The University of Sunderland’s Priestman Building, which dates back to 1939, is undergoing a £6.5 million restoration project.
The two-phase project began in March 2012 and has seen the building transformed to integrate the university’s Fine Art programmes with the existing activities in the building .
The work forms part of the ongoing development of the University’s two-campus strategy and incorporates a new entrance to improve the Priestman Building’s connectivity with the City Campus, as well as a new art gallery, high-quality teaching and learning spaces, social space, arts studios and workshops.
There are also significant improvements to the building infrastructure including energy efficient lighting, heating and data connections as well as a new roof and windows, continuing the University’s push to achieve its carbon reduction targets supporting sustainability both at the University and within the City.
Main contractor on the project was Morgan Sindall and the work was completed in September 2012, accommodating the Fine Arts, Performing Arts, Culture and Social Sciences disciplines.
Conservation issues were taken into consideration while renovation plans were being drawn up as the building, which dates back to 1939 when the industrialist Sir John Priestman opened it originally as a library for Sunderland Technical College, sits in a large conservation area.
During the Second World War, the College ran special courses for the Armed Forces and the Ministry of Labour. By 1946, the College had 840 full and part-time students and 1,485 evening class students.
New course development in the post-war period included the department of housecrafts, recognition of the ‘…modern woman’s realisation that she must have appropriate training if she is to play her part more effectively in her chosen trade, profession or in the home…’
The late 1950s saw further expansion as the College sought the status of College of Advanced Technology and it was the first educational centre in the region to install a digital computer. This hi-tech innovation required a crane to haul it through the roof of the building – a far cry from today’s laptops and iPads.
Head of Estates at the University, Iain Garfield said:
“The Priestman development is part of the two campus strategy which sees ongoing improvements at both City Campus and Sir Tom Cowie campus at St Peter’s, improving the staff and student experience and the strengthening of curriculum development by collocating academic areas with subject synergies whilst at the same time disposing of buildings outside of the two-campus estate.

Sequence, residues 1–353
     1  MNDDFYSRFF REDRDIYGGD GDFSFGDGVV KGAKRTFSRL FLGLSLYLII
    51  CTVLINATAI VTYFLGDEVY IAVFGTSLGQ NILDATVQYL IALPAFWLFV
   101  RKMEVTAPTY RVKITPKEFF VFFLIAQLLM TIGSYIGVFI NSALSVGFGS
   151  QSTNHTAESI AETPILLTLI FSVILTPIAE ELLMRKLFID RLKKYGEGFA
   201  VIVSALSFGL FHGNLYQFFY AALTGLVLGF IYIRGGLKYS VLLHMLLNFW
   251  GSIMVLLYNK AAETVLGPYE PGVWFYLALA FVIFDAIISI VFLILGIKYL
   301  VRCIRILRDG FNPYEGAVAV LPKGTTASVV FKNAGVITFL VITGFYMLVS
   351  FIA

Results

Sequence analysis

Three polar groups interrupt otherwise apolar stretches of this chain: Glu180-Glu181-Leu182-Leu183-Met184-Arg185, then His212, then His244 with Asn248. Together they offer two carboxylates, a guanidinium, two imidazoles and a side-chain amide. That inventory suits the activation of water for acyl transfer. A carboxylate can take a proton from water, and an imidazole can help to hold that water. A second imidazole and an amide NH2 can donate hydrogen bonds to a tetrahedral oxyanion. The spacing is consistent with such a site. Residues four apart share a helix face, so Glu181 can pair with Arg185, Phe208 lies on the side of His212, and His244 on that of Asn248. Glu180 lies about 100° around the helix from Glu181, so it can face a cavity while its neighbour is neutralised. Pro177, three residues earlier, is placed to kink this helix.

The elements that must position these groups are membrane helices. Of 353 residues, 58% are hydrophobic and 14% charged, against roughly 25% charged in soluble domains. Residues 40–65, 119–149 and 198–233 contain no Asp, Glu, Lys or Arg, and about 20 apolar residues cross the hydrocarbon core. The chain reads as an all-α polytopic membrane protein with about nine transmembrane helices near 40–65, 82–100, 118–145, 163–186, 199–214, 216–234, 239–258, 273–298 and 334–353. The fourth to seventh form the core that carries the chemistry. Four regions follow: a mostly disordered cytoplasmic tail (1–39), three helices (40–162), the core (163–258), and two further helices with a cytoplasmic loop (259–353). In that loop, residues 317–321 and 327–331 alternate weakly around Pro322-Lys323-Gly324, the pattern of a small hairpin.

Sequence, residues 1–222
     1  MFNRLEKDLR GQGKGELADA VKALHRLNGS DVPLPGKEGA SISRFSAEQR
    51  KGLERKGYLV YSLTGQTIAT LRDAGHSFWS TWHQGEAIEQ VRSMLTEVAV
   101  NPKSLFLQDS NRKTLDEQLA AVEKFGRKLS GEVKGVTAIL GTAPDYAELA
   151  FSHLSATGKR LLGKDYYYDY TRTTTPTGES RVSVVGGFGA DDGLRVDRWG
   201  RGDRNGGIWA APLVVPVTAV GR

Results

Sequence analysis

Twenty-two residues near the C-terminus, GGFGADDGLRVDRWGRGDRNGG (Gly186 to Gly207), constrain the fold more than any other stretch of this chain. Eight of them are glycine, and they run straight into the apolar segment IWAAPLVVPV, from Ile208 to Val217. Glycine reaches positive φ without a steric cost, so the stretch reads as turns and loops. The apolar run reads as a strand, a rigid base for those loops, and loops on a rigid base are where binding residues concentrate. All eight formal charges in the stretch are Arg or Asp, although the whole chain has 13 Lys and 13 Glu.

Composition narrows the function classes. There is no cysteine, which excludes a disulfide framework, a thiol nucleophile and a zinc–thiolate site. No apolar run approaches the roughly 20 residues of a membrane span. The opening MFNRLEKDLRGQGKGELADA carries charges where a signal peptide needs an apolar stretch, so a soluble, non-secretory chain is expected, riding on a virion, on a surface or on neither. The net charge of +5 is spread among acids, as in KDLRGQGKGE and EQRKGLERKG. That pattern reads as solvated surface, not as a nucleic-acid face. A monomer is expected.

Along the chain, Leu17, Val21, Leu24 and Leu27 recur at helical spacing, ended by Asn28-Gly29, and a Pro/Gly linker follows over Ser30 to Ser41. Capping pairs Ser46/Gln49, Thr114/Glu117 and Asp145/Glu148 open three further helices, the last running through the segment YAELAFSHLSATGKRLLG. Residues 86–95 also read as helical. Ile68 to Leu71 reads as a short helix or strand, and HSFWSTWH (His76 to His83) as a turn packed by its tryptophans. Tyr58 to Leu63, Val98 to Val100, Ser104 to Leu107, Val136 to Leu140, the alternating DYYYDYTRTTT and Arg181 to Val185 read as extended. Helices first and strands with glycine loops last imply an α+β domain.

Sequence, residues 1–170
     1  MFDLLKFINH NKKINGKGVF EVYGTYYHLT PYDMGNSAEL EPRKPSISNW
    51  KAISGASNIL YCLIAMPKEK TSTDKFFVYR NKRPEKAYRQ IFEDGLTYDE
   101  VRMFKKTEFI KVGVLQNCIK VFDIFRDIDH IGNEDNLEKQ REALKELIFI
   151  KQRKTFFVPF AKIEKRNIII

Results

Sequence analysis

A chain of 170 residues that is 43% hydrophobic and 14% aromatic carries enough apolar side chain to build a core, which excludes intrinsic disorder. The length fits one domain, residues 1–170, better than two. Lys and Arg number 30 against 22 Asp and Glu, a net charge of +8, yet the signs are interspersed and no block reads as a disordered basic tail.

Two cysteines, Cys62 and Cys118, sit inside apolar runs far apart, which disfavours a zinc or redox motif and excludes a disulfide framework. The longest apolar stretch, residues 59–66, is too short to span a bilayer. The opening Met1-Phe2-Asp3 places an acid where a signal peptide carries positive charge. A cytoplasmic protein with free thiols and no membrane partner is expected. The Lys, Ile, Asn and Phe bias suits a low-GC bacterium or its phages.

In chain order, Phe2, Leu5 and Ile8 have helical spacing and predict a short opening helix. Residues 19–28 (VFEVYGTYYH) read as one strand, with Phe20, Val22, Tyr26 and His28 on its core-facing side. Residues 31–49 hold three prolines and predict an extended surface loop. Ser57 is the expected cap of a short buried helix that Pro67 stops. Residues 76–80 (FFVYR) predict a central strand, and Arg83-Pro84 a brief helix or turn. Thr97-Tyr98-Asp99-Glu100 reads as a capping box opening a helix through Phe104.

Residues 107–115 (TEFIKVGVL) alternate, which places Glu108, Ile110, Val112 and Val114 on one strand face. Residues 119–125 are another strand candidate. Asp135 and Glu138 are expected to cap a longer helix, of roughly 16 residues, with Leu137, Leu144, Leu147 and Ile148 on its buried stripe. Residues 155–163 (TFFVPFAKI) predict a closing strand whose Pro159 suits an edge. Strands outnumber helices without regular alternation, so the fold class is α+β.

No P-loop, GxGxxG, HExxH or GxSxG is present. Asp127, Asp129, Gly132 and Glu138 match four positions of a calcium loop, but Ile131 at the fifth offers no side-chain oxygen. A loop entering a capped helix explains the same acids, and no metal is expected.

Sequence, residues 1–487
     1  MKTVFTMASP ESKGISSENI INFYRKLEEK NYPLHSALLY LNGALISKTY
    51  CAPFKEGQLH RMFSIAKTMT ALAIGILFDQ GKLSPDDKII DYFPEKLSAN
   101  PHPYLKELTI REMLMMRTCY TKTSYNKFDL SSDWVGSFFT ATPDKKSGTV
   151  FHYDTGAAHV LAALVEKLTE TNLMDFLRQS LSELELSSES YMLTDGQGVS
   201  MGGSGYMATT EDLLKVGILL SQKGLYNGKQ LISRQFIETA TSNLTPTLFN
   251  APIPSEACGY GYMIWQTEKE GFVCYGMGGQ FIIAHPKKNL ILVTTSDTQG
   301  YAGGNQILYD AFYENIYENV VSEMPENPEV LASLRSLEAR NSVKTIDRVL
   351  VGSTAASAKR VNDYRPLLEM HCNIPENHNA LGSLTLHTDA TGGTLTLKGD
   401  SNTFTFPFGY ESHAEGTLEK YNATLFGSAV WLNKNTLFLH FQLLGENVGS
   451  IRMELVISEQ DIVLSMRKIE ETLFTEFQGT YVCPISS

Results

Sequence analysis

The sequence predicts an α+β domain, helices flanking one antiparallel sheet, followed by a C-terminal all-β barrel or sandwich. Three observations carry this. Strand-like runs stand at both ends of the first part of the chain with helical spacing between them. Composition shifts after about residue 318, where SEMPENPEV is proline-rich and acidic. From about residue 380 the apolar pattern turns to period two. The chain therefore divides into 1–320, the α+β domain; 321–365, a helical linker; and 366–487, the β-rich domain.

“One of the features of this redevelopment is the re-sitting of the entrance of the building from Albion Way to face the University Park, improving connectivity to both the City Campus and the park itself.”
Morgan Sindall has a recognised specialism in the higher education sector and has delivered previous projects for the university as part of its £20m Major Works framework, including CitySpace, the £12m sport and social facility, and the £8.5m Sciences Complex.
Gordon Ray, managing director for Morgan Sindall in the North East, said:
“The Higher Education sector is under considerable pressure to maintain world-class facilities and attract students in a financially squeezed market. We’re therefore delighted that in this challenging climate, our track record has seen us appointed to this framework for the second time.
“Morgan Sindall has developed experience in the education sector and we’re looking forward to delivering more high-quality facilities which will attract the best students to embark on their studies in the region.”
James Harrison, associate in construction and engineering at law firm Watson Burton, which advised the University on legal matters surrounding the multi-million regeneration project, added:
“The refurbishment of the Priestman Building is a major part of the University’s plans to further establish Sunderland as a leading city for the provision of higher level education.
“As a firm, we take a keen interest in the development of the region’s education sector and are delighted to have been able to assist the University of Sunderland and Morgan Sindall in progressing with redevelopment of this building.”